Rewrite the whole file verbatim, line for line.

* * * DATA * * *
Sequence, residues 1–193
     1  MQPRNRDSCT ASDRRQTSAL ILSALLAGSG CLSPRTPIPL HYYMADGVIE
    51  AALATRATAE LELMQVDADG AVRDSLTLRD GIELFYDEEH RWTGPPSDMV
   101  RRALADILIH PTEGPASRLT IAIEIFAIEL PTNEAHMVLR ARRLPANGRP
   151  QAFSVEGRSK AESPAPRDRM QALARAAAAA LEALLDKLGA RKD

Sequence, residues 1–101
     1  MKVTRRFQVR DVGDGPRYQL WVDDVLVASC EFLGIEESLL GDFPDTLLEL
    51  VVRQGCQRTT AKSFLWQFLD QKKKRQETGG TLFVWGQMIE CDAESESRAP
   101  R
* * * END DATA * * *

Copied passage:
Sequence, residues 1–193
     1  MQPRNRDSCT ASDRRQTSAL ILSALLAGSG CLSPRTPIPL HYYMADGVIE
    51  AALATRATAE LELMQVDADG AVRDSLTLRD GIELFYDEEH RWTGPPSDMV
   101  RRALADILIH PTEGPASRLT IAIEIFAIEL PTNEAHMVLR ARRLPANGRP
   151  QAFSVEGRSK AESPAPRDRM QALARAAAAA LEALLDKLGA RKD

Sequence, residues 1–101
     1  MKVTRRFQVR DVGDGPRYQL WVDDVLVASC EFLGIEESLL GDFPDTLLEL
    51  VVRQGCQRTT AKSFLWQFLD QKKKRQETGG TLFVWGQMIE CDAESESRAP
   101  R